Appointment of arbitrators in Nigeria is the first step to commence an arbitration proceeding. Arbitration is a procedure in which a dispute is submitted, by agreement of the parties, to one or more arbitrators who make a binding decision on the dispute. In choosing arbitration, the parties opt for a private dispute resolution procedure instead of going to court. The law governing Arbitral proceedings in Nigeria is the Arbitration and Conciliation Act Cap A18 LFN 2004 (ACA). The purpose of this write up is to discuss how Arbitrators are appointed in arbitral proceedings.
By the provisions of the ACA, the appointment of arbitrators in an arbitral proceeding is contained in the arbitration agreement. The parties are free to specify how their arbitrator will be appointed. However, we would like to point out the two major ways by which an Arbitrator may be appointed:
- By the method agreed by the parties to the arbitral proceedings: This is usually stated in the arbitral agreement.
- By the court.
The parties may use the arbitral agreement to determine the number of arbitrators to be appointed under the agreement. The parties can also specify in the arbitral agreement the process by which an Arbitrator is to be appointed. Where the agreement does not state the procedure of appointing an Arbitrator, the parties may in accordance with ACA choose any of the following options:
- Where the arbitration is one that requires three (3) Arbitrators then each party may be allowed to appoint one Arbitrator each and then the two (2) Arbitrators so appointed will then appoint a 3rdarbitrator.
- Where the Arbitral proceeding is one that requires one Arbitrator then the parties will be allowed to agree on the Arbitrator to preside over the matter.
- The court can appoint an Arbitrator if the parties apply to the court to do so.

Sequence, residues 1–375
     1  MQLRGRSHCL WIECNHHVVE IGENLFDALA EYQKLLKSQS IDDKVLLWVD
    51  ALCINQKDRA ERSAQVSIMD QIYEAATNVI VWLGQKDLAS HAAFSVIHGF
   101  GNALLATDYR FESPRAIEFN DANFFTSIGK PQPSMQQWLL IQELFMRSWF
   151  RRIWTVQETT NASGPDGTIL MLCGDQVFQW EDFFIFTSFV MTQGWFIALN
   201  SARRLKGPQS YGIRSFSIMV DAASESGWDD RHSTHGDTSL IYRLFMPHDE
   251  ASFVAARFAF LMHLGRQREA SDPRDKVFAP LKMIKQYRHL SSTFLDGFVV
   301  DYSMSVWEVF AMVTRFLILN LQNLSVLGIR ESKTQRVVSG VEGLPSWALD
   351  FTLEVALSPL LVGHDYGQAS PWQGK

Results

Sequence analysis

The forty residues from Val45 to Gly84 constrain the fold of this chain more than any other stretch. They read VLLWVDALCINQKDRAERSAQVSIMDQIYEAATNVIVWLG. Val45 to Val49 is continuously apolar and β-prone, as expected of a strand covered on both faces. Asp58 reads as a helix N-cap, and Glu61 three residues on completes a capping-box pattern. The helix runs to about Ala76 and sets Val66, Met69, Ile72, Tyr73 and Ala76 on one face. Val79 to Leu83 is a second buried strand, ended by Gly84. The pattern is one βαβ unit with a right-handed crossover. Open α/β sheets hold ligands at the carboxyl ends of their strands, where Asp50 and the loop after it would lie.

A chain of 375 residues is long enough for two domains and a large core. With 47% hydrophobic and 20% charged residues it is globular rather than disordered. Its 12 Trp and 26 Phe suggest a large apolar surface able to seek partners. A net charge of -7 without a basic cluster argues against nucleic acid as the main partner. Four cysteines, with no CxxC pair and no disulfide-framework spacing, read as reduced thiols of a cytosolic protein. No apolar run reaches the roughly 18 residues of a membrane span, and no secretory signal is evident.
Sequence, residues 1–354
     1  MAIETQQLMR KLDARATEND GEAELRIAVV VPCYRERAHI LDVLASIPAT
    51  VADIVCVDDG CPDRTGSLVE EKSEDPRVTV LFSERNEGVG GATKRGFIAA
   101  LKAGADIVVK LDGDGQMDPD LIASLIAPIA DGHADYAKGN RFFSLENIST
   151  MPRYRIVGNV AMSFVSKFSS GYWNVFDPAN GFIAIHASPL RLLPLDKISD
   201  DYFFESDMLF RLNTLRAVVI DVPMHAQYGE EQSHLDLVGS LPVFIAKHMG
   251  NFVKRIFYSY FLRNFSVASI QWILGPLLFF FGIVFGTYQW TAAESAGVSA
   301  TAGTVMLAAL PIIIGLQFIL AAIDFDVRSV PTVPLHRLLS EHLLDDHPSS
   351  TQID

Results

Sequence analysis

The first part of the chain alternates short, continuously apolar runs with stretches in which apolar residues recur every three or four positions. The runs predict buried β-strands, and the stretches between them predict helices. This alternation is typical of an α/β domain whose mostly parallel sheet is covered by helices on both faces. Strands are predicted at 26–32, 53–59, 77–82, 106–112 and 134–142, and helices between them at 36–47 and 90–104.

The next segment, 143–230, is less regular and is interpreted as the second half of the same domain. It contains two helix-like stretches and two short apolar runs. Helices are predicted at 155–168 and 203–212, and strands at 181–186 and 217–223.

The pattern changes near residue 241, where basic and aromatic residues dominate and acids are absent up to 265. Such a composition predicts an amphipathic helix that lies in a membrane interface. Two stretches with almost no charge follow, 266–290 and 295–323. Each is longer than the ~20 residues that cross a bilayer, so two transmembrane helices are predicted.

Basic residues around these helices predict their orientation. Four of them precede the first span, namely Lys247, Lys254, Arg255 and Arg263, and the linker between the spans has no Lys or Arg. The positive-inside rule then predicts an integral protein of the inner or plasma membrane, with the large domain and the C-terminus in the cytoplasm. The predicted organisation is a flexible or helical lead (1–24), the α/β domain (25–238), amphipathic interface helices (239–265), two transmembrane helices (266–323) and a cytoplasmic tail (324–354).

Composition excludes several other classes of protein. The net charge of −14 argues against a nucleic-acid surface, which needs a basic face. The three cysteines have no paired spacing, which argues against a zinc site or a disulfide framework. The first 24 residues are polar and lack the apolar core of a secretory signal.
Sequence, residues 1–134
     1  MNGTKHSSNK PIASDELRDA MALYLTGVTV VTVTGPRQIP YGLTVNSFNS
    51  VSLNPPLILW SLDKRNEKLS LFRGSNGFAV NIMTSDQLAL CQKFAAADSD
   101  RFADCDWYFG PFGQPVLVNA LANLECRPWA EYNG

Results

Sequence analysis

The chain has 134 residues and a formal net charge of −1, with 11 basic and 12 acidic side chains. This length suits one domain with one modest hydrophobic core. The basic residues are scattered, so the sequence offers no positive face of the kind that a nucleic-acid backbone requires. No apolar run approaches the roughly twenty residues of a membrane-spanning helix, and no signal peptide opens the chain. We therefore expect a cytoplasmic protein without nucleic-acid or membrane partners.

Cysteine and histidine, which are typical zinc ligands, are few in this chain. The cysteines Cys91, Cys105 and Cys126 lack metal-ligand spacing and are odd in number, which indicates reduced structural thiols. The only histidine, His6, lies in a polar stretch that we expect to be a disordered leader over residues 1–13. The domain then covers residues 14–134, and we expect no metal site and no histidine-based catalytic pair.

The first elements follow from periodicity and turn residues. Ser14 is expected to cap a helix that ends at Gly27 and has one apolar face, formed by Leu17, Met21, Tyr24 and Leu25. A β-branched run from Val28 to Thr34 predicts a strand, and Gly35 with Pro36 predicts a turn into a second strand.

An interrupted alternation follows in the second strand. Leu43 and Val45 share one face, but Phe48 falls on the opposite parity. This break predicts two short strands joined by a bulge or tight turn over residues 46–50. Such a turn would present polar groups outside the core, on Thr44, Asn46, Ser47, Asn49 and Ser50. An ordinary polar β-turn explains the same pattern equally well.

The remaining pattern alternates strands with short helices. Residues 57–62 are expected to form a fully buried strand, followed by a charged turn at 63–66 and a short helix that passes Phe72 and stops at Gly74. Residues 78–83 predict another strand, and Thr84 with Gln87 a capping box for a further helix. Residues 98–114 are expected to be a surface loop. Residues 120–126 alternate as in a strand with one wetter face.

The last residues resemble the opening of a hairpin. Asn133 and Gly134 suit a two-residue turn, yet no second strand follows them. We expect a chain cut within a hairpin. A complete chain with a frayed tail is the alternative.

- The parties may provide an alternative procedure for appointing the Arbitrator which may not involve the court.
Failure To Appoint An Arbitrator
When the arbitral proceeding requires three (3) Arbitrators, the two Arbitrators selected by the parties are expected to pick a third Arbitrator. Where either of the party fails to appoint an Arbitrator after being asked by the other party to do so, then the court can appoint an Arbitrator upon an application by a party to the proceeding. Also where it is the two Arbitrators appointed by the parties to the proceeding who fails to appoint a third Arbitrator, then the parties to the proceeding may apply to the court to appoint the third Arbitrator. In a case where the proceeding requires one Arbitrator, if the parties fail to agree on an Arbitrator, upon an application to court, the Judge can appoint an Arbitrator.
Where a decision is made by the Court on the Arbitrator to be appointed, the decision made by the court is final and will not be subject to appeal.
In appointing an Arbitrator the court is expected to consider qualifications required of Arbitrators or any other qualification that is needed to secure the appointment of an independent and impartial Arbitrator.
Features and Qualification of An Arbitrator
- He must be someone who can work independently and be impartial to the parties in the arbitral proceedings.
- He must disclose any doubts, which he may have as to his impartiality during the proceedings.
- He must have requisite legal or any other professional expertise.
- He must have strong management skills
- He should have full mastery of the procedures to follow.
- He must be able to devote sufficient time to the proceedings
Finally, the appointment of an arbitrator is one critical stage in any arbitral proceedings. This is because an arbitrator when is appointed, determine the rights and obligations of parties like a Justice of the court. The most important features of any arbitrator are knowledge, skills, and integrity. Above all, an arbitrator must be impartial and disclose any likely conflict of interest before undertaking any arbitral assignment.
ByArbitration & Dispute Resolution Team at Resolution Law Firm